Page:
Abstract

Introduction

Mantle cell lymphoma (MCL) which relapses or becomes refractory to frontline chemotherapy can be a clinical challenge. There have been several targeted agents approved in relapsed MCL including bortezomib, lenalidomide and ibrutinib (IBR) with the best single-agent responses seen with IBR. IBR is an oral, Bruton tyrosine kinase (BTK) inhibitor which has an overall response rate (ORR) of 67% with a median duration of response of 17.5 months in relapsed MCL (Wang, Blood 2015). While these responses are impressive in this population, only 1/3 of patients will have a complete response and only 1/3 of responding patients will have a 24 month PFS. Thus, improvements are needed.

Venetoclax (VEN) is an oral selective BCL2 inhibitor which is currently FDA approved in relapsed 17p-deleted chronic lymphocytic leukemia. We and others have shown synergistic cytotoxicity with VEN and IBR (Axelrod Leukemia 2014) which prompted us to explore the combination in a Phase I/Ib clinical trial (clinicaltrials.gov ID: NCT02419560). This study was supported by a grant from AbbVie Inc.

Methods

Given overlapping toxicities with VEN and IBR, namely neutropenia and GI toxicities, potential for drug-drug interactions given both are metabolized by CYP3A, and a wide range of therapeutic dosing for the two drugs, a dose finding study is appropriate. A continual-reassessment model was designed to test six dosing strategies (table 1). Subjects start treatment with single agent VEN at 100mg PO daily and increase to the allocated dose per table 1. After 1 week of VEN, subjects start the allocated dose of IBR. Subjects are monitored closely for tumor lysis syndrome (TLS) and hospitalized for TLS monitoring when starting IBR. Subjects are treated with the combination for 6 months and are encouraged to continue IBR after that time.

The study enrolls in 2 stages. In the first stage, subjects are enrolled one at a time to sequential arms. Up to 2 subjects are allowed on each arm in a zone before enrollment in the zone is paused. Subsequent zones are enrolled once at least one subject in every arm of the zone does not have a DLT during the DLT window. The second stage begins when a subject has a DLT or all arms have enrolled at least 1 subject. In the second stage, subsequent subjects are allocated to an arm based on DLT's and ORR at 2 months occurring in prior patients on the study, thus the study aims to find the optimal dosing combination of IBR and VEN for both toxicity and response. Enrollment will continue until 10 subjects are allocated to an arm or 28 total subjects are enrolled.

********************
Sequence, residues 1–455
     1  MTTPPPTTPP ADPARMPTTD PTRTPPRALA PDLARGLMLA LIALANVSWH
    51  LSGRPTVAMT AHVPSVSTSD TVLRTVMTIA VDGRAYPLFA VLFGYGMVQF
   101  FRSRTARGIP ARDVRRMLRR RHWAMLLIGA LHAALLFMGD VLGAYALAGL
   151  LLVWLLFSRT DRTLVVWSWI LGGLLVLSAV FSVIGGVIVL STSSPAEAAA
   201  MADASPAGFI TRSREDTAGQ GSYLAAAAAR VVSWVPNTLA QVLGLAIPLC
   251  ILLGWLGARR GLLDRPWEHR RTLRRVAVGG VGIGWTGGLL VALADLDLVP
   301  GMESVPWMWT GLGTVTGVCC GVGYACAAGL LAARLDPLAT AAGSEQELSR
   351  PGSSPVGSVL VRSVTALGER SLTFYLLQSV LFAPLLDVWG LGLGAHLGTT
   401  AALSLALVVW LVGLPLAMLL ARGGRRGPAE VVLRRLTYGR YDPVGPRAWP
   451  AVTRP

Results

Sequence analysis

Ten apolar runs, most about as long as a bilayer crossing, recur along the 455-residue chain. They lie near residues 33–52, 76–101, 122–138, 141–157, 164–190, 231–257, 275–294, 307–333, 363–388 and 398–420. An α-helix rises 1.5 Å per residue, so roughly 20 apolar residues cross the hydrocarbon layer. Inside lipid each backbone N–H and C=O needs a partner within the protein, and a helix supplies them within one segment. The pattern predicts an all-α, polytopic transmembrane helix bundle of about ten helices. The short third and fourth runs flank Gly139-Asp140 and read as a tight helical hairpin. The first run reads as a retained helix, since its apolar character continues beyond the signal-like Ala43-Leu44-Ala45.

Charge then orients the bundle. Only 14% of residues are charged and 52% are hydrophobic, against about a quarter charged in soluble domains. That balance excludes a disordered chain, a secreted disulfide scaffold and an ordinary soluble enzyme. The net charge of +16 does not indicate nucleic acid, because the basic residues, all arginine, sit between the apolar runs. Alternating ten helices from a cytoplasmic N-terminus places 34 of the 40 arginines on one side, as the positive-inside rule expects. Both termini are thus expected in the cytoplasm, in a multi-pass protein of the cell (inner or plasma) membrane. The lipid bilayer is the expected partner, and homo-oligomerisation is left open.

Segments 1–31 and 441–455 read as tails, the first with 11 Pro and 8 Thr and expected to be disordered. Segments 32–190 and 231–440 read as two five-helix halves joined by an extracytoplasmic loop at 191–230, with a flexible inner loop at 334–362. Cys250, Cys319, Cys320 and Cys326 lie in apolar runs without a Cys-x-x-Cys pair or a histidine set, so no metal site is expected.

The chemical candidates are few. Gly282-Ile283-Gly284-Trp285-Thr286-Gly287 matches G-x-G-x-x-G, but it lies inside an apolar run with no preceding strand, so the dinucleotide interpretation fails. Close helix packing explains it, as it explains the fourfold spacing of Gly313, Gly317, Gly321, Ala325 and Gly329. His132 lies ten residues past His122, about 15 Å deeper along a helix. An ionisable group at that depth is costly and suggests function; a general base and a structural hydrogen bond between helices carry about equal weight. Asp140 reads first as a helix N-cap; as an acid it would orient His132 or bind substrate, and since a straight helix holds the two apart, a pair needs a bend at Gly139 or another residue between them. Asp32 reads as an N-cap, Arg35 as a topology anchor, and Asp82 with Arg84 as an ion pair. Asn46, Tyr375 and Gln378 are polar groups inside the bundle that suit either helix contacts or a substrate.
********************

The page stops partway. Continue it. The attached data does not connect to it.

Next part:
Eligible patients must have documented relapsed MCL after at least 1 line of chemotherapy. Subjects must not have bulky disease, no evidence of TLS, and must not have been previously treated with IBR.

Results

Enrollment began 10/2015 and at the time of submission, we have treated 8 subjects and have finished stage I of the study. Subjects were enrolled on arms A to E. Mean age is 63 years (range 49-81). 7 of the 8 subjects are male. 5 subjects were refractory to their prior treatment and 3 subjects have progressed after an autologous bone marrow transplant.

Seven of the 8 subjects are evaluable for adverse events. 5 subjects have completed the 6-week DLT window. There have been 15 related adverse events reported with 14 of these being grade 1 or 2. No TLS has been reported. One DLT at arm E was identified (grade 4 neutropenia) which prompted us to move to stage II of the study.

Three subjects (arm A, B, and C) are evaluable for response with all achieving at least a partial response. One subject on arm C, had a complete response at 4 months of the combination.

Conclusion:

Early results suggest tolerability for the combination of IBR and VEN in Relapsed MCL. There have been no signs of TLS, though subjects with high risk for TLS are excluded. One DLT (neutropenia) has been reported in Arm E and thus modeling will start to find the optimal combination using both toxicity and response. Responses have been seen across the various treatment arms. Continual re-assessment modeling is an adequate study design for combination studies with targeted agents to identify optimal dosing, accounting for both toxicity and response.

Disclosures

Portell:Infinity: Research Funding; Roche/Genentech: Research Funding; Acerta: Research Funding; AbbVie: Research Funding. Chen:Seattle Genetics: Consultancy, Honoraria, Research Funding, Speakers Bureau; Millenium: Consultancy, Research Funding, Speakers Bureau; Genentech: Consultancy, Speakers Bureau; Merck: Consultancy, Research Funding. Cohen:Millennium/Takeda: Consultancy, Membership on an entity's Board of Directors or advisory committees, Research Funding; Infinity: Consultancy, Membership on an entity's Board of Directors or advisory committees; Seattle Genetics: Consultancy, Membership on an entity's Board of Directors or advisory committees, Research Funding; Novartis: Consultancy, Membership on an entity's Board of Directors or advisory committees, Research Funding; Pharmacyclics: Consultancy, Membership on an entity's Board of Directors or advisory committees; Bristol-Myers Squibb: Research Funding; Celgene: Consultancy, Membership on an entity's Board of Directors or advisory committees. Kahl:Seattle Genetics: Consultancy; Celgene: Consultancy; Infinity: Consultancy; Gilead: Consultancy; Juno: Consultancy; Pharmacyclics: Consultancy. Williams:Jansen: Research Funding; Pharmacyclics: Research Funding.

Author notes

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Asterisk with author names denotes non-ASH members.